Posted on February 11, 2011, by Kim, under Family | Relationships, Food | Health | Beauty.
Why is this a common misconception for so many? I was reading over some Facebook posts earlier this evening and I kept reading the same thing over and over. “I have to get ready for our Valentine’s Day party for school tomorrow,” or, “I am stressed and trying to find a few more Valentine’s Day games for my first grader’s party tomorrow.” I am just a little beside myself why schools would push the idea of romance to school aged children.
Forget just the parties though. Tonight while at the mall with my daughter, I saw a young girl who looked to be maybe 17 years old. She had on a low cut shirt, with a much older looking boyfriend hanging all over her. Her shirt was so low that it was completely obvious that she had had cosmetic surgery on her breasts. I mean, they seriously looked fake. My first thought was, why would a parent think that was okay? An article from Focus on the Family highlights this very thing. Many parents don’t realize what they are doing to their daughters by allowing boob or nose jobs, immodest clothing or even recreational dating.
Recently I have felt the urgency to educate myself more on this topic, as I have a daughter who is quickly approaching the stages where many other parents check out. I don’t want to be one of those parents. My daughter is too important. I want to raise her to be a pure and holy daughter for the King. This is a very huge burden and undertaking for me, especially with the world in which we live. I have begun reading articles and having the much needed conversations with my daughter. I take great pride in knowing I do not have to do this alone. I have many family members, friends and resources around to help keep me encouraged and provide me with many great ideas. Our church, Stones Crossing Church has an annual Royal Sleepover where girls first through fourth grade learn the importance of living a pure and holy life for the King. What a blessing to belong to a church who is willing to partner with me in this responsibility.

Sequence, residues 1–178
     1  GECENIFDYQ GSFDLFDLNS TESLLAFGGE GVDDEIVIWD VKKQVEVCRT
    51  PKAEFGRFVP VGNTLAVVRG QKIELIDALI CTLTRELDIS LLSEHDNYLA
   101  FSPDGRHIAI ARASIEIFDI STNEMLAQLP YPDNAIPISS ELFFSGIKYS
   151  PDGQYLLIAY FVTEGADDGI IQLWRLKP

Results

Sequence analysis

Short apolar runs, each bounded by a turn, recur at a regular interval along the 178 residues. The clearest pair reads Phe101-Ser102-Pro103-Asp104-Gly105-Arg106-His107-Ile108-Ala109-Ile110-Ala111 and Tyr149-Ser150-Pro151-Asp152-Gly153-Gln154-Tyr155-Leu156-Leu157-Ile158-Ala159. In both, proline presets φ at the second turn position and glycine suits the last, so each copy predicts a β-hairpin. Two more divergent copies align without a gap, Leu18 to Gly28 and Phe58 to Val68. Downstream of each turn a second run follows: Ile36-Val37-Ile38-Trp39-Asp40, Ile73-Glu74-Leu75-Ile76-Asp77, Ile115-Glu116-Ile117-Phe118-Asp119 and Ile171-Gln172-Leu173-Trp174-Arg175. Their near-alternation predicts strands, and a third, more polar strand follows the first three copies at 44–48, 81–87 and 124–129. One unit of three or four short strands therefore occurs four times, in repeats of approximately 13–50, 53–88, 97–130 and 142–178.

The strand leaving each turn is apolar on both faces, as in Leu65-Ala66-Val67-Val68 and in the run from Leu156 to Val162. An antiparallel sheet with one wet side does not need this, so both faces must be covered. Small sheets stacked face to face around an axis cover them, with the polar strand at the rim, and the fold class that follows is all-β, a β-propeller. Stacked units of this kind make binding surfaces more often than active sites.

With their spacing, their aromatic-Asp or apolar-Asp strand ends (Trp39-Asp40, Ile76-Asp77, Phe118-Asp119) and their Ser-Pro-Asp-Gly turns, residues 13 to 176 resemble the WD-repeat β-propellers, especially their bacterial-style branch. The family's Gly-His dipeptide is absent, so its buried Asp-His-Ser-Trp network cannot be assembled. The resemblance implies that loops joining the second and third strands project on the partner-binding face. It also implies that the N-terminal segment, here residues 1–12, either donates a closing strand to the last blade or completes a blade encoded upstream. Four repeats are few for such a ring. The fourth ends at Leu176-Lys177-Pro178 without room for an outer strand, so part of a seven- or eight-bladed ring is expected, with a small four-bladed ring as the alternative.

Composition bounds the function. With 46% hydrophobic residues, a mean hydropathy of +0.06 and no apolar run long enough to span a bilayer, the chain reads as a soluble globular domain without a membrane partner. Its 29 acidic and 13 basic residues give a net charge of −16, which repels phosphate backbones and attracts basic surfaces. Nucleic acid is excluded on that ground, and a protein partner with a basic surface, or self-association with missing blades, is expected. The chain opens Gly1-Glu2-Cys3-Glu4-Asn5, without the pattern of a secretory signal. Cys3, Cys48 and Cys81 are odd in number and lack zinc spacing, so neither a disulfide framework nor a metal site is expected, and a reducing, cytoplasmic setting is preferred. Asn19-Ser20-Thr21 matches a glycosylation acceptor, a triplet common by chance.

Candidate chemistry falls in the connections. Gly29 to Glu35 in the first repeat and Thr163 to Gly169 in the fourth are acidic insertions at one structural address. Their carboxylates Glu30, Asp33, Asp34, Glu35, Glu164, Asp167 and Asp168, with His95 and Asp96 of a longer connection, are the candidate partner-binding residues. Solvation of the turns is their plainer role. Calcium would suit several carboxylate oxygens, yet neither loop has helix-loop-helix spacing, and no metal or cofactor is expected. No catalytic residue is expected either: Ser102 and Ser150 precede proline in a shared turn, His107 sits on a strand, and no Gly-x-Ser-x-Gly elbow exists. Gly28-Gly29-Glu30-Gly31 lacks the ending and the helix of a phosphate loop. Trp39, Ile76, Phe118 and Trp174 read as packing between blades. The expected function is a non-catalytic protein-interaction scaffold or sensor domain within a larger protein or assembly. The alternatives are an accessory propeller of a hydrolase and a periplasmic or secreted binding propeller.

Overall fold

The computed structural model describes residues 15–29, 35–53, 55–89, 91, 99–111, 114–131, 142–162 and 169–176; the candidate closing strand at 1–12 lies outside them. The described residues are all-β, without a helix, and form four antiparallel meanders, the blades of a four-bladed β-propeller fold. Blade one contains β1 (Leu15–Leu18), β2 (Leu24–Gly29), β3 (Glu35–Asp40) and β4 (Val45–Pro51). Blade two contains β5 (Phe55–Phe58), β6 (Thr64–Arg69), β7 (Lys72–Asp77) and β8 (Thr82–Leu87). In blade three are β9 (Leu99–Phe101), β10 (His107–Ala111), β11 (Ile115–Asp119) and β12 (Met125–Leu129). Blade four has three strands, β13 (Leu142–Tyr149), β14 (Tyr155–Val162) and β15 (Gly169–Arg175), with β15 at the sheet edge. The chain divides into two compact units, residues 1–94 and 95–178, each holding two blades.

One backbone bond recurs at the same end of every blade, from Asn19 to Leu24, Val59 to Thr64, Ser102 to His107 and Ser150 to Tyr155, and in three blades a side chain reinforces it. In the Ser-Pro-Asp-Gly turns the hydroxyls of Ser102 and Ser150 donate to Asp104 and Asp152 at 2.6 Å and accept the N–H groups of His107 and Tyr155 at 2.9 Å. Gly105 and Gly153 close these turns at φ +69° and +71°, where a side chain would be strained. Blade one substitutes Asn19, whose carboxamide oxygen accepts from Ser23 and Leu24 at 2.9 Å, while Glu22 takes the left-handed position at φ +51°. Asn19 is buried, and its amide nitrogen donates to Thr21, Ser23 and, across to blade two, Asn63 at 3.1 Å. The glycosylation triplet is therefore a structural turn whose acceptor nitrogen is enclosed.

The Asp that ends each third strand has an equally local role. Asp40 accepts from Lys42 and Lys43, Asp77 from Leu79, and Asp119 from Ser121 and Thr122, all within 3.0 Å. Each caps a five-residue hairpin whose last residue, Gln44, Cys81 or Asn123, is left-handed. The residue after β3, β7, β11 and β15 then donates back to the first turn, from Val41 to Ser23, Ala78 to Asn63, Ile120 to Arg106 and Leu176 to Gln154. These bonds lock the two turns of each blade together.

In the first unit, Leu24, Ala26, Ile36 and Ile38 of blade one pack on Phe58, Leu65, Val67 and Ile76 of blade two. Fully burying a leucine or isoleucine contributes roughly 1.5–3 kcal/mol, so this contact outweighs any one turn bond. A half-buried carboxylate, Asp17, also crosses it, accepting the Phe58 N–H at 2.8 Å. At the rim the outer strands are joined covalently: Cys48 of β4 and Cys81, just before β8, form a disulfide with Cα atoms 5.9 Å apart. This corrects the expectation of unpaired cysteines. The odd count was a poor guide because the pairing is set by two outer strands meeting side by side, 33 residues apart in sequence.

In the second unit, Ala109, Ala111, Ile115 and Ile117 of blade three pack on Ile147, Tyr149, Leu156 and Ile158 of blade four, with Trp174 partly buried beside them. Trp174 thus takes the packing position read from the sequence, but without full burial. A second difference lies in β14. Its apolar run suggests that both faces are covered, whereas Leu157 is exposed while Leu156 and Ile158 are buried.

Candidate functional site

I am willing to do what it takes and to be the outcast to dispel this misconception. It is not okay for girls to grow up too quickly. It’s time for all of us to put on the brakes.